In light of the local municipal credit market in California, Moody’s ended last year by reviewing 32 agencies through out the state. Among those who performed best were 8 cities granted Moody’s highest rating, including the City of Sunnyvale.
Citing Sunnyvale’s “very sound long term fiscal policies” and “exceptionally strong reserves,” Moody’s granted a Aaa issuer credit rating to the city.
“This is a prize certainly,” said City Manager Gary Luebbers in a statement issued on Wednesday. “But far more important to me is what it stands for in terms of Sunnyvale’s ongoing commitment to strong financial decision-making and good governance in general.”
Sunnyvale currently has over $88 million, or equivalent to more than 70% of its annual general fund revenue, in reserve. The report also made special note that the City is making substantial contributions toward its pension and retiree benefit expenses. For example, Sunnyvale established a trust with $10 million from its reserves to pay for future retiree healthcare costs, and is contributing 19% more than the PERS Annual Required Contribution for its pension costs specifically to minimize the City’s future liability.
The good news for Sunnyvale was shared by seven other cities: Beverly Hills, Santa Monica, Menlo Park, Newport Beach, Palo Alto, Manhattan Beach, and Saratoga. However others have not been as lucky in recent months.
Fresno recently received news of their credit rating downgrade from Moody’s and a negative outlook for all of their debts. The Fresno issuer rating of A3 was confirmed, but that is seven grades lower than Sunnyvale’s Aaa.
“Officials from Moody’s advised [the City of Fresno] that while they appreciate our fiscal sustainability plan, they are nonetheless concerned that it relies so heavily on ‘political will’ to make it happen,” said Fresno City Manager Mark Scott after the new ratings were announced. “And, on the other hand, they worry about our capacity to cut services to the public further.”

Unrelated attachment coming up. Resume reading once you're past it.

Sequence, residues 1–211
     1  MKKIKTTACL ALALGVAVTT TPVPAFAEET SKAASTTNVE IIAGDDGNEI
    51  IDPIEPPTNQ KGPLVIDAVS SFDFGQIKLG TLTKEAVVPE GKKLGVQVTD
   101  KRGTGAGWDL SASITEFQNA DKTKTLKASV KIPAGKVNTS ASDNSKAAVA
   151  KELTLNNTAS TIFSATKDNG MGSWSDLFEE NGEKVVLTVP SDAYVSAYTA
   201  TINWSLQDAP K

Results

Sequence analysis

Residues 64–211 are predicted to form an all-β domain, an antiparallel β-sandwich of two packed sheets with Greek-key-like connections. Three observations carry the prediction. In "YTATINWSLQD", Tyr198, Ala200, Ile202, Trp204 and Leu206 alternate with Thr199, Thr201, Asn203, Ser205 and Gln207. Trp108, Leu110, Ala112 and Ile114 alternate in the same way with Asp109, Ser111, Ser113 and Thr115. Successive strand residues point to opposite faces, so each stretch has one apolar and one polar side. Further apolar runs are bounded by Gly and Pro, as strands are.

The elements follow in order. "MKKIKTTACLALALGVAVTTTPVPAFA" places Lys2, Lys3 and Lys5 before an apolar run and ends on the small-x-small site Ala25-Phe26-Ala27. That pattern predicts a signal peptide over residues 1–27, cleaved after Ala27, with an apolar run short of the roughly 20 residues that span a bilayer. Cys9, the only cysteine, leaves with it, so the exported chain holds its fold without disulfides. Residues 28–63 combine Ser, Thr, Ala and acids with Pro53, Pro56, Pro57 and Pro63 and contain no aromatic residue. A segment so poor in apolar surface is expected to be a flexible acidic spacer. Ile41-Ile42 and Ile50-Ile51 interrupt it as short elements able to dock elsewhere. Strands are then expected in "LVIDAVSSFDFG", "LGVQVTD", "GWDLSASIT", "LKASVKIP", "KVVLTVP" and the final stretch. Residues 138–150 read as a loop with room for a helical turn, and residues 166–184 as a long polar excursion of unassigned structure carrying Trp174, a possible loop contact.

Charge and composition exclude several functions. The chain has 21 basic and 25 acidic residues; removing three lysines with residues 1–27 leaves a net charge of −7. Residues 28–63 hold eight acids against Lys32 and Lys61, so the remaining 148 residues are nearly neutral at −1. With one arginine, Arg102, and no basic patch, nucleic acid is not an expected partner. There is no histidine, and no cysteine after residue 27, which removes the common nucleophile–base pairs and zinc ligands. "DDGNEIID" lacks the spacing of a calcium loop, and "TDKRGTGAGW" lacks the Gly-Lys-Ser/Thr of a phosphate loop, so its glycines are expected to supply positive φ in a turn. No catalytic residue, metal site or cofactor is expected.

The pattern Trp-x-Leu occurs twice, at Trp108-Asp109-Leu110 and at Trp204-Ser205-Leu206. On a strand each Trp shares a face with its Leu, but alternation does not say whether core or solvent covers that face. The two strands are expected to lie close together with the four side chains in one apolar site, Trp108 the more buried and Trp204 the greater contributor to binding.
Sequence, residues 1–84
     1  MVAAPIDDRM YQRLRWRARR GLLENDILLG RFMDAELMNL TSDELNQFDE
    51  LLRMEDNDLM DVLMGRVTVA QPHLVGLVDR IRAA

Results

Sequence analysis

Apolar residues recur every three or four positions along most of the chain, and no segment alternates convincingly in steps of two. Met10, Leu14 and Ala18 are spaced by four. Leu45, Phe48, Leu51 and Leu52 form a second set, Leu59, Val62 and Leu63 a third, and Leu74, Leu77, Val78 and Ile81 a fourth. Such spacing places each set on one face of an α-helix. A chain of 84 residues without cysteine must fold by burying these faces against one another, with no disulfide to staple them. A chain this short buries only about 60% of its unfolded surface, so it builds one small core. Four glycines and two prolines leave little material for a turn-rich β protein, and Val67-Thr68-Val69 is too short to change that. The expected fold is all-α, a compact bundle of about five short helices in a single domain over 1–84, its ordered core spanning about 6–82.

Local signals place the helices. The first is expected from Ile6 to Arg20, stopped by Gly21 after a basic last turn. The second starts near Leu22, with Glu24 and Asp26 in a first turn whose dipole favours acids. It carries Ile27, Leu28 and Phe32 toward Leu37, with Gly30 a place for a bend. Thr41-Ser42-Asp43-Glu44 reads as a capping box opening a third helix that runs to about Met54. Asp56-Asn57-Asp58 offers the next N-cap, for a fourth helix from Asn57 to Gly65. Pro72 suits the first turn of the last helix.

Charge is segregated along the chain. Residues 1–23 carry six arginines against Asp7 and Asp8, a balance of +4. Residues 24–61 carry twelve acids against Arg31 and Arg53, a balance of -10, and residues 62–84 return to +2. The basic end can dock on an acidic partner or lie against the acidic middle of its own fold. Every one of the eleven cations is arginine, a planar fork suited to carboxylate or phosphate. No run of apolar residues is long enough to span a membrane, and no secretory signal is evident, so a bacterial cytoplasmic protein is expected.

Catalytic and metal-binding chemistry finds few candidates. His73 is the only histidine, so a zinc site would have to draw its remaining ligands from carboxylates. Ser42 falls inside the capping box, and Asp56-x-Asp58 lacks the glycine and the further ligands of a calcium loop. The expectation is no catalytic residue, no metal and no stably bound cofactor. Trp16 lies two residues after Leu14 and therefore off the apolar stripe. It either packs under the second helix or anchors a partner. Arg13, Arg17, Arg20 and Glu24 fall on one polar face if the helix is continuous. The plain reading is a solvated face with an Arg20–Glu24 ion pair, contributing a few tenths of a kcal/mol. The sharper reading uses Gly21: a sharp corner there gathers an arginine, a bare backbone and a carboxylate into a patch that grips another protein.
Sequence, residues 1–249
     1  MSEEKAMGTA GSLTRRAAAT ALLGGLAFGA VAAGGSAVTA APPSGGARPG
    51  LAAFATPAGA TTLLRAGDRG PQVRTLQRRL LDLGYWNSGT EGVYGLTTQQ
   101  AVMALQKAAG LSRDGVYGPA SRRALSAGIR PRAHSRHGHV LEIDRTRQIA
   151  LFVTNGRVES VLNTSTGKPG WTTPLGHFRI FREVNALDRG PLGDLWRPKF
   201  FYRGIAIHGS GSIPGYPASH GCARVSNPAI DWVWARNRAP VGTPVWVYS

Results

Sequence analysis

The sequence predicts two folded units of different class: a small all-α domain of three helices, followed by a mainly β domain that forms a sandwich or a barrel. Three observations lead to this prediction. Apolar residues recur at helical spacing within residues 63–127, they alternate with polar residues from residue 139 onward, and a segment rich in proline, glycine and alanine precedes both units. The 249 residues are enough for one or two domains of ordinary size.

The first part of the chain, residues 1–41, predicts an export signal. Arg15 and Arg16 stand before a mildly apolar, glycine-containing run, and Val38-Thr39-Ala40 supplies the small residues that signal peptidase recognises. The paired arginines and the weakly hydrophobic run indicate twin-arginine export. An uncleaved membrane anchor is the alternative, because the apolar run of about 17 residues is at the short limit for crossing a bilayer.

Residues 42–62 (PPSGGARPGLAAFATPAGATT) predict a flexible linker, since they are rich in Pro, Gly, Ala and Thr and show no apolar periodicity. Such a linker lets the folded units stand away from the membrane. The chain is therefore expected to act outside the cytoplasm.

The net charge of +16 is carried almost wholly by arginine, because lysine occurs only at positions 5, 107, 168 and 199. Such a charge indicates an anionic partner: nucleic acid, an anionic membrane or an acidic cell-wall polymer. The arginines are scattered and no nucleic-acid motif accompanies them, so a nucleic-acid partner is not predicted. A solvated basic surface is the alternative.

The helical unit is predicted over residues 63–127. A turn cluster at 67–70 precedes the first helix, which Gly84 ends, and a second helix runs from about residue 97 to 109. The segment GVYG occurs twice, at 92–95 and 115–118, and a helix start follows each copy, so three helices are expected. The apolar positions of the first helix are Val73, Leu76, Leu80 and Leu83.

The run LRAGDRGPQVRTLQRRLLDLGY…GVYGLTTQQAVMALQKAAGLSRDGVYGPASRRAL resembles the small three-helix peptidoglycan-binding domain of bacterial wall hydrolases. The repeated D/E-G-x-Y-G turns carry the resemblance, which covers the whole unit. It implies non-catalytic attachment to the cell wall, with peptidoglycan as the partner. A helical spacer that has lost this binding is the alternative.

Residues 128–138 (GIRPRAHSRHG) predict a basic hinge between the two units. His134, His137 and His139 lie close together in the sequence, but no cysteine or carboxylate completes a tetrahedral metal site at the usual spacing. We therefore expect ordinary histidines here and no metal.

Moody’s initiated its review because of concerns over municipal bankruptcies and bond defaults compounded by the economic recession and limitations California cities have on their ability to raise taxes. Though Sunnyvale is in very good financial condition, the agency was looking comprehensively across the state to reassess investment risk and credit-worthiness.
Sunnyvale “continues to be a desirable commercial area of Silicon Valley” and is benefiting from the region’s robust acceleration from the recession. With companies like Lockheed, Yahoo and Apple as Sunnyvale’s top three largest employers, the report credited the City’s strong employer base in the technology sector with helping to boost developer fee revenue and keep the City’s unemployment rate well below state and national averages at 7.8%. Based on the fact that the City’s economy is exiting the recession at a faster rate than most portions of the country, the agency projected the City’s “already very large $25 billion tax base will continue to grow in the short to mid-term.”